Fixed grid output

New in v5.9.0:

See also:

GeoClaw has the capability to output the results at specified output times on a specified “fixed grid” by interpolating from the AMR grids active at each output time.

This complements the normal output frame capabilities of Clawpack, and has several advantages for some applications, particularly when making animations or when using the GeoClaw solution as input to another process, such as particle tracking.

Advantages include:

1. The solution is output on a fixed uniform grid at each fgout time, independent of the AMR structure. This is useful in order to produce a set of frames for an animation that are all the same resolution with the same size array.

2. It is possible to produce fgout outputs at times that do not coincide with the time steps of the computation, whereas standard frame output can only occur at the end of a time step on the coarsest level. Hence fgout output does not require reducing the time step to hit the fgout times exactly, which would cause significant increase in computing time and possible degradation of the computed solution if the coarse grid time steps had to be greatly reduced to match frequent output times in a finely resolved region.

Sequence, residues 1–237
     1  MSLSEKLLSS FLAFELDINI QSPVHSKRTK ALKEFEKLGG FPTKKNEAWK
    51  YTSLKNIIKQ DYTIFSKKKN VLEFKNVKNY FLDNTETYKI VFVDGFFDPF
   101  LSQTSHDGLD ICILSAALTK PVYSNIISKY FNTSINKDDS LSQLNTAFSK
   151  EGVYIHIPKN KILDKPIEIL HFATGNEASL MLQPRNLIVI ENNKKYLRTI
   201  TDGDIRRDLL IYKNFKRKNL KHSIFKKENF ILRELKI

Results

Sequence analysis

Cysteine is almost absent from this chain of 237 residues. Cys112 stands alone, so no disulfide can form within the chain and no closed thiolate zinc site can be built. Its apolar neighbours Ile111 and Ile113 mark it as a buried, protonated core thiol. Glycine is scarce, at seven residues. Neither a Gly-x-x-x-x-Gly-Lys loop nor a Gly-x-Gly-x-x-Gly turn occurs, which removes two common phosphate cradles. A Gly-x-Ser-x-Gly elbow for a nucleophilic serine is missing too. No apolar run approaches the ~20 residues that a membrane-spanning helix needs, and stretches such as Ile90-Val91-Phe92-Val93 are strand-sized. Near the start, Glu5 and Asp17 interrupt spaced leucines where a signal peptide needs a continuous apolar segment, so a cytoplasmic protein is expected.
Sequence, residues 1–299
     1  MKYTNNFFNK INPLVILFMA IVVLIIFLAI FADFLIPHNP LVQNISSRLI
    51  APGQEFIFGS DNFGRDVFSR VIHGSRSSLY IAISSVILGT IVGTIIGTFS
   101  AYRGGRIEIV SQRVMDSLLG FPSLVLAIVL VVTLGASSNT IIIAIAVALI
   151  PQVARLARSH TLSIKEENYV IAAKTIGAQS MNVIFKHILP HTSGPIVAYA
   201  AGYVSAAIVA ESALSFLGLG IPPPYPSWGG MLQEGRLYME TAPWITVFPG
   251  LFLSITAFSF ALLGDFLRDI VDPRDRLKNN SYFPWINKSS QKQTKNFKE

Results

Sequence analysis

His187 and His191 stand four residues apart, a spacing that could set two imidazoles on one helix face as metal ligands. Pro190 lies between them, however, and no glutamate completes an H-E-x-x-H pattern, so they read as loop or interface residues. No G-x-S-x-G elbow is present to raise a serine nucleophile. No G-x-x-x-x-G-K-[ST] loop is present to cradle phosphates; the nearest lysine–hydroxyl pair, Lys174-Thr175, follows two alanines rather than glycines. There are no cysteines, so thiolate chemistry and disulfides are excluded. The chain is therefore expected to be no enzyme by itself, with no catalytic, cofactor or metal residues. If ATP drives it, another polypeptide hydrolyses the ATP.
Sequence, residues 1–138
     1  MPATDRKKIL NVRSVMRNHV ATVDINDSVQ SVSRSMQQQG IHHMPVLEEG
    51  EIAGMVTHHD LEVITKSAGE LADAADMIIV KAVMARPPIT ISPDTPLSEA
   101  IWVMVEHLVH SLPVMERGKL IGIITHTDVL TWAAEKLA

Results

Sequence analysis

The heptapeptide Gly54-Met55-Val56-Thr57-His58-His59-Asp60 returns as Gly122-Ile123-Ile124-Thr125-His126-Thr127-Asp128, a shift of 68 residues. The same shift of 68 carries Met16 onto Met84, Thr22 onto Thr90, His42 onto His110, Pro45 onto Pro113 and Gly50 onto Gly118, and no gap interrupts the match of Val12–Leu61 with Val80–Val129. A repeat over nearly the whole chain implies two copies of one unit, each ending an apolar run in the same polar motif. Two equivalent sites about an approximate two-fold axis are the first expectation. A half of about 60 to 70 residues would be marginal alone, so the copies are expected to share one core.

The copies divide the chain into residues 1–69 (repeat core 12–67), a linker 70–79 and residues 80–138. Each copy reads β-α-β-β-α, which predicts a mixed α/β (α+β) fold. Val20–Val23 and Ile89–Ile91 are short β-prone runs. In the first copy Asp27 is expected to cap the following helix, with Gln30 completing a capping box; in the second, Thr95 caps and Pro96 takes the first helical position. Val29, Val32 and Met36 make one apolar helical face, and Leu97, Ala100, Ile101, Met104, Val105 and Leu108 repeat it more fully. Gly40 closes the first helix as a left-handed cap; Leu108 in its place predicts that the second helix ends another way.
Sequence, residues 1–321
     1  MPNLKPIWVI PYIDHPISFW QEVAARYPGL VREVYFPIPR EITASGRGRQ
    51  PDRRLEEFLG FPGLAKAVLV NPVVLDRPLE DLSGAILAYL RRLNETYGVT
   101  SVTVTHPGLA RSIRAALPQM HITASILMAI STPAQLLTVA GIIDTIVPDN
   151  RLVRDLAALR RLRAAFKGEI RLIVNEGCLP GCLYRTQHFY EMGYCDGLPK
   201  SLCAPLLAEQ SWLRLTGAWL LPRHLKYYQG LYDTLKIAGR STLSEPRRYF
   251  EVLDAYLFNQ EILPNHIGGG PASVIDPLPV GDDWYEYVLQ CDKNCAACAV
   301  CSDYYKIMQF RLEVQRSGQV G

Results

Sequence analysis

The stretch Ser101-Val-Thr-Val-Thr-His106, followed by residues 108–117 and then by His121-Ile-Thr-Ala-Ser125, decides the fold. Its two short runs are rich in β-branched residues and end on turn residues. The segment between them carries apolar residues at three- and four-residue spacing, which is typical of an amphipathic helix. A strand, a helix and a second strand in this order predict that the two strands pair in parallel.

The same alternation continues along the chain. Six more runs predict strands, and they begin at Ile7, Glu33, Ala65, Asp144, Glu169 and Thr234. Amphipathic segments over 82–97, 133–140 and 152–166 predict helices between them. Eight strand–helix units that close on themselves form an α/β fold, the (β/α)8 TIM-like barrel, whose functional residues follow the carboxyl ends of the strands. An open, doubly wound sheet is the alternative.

3. When exploring the solution or making an animation over one small portion of the computational domain, it is possible to create an fgout grid that only covers this region at the desired resolution and does not require output of the entire AMR structure over the entire computational domain at each output time. This can greatly reduce the size of the output in some cases.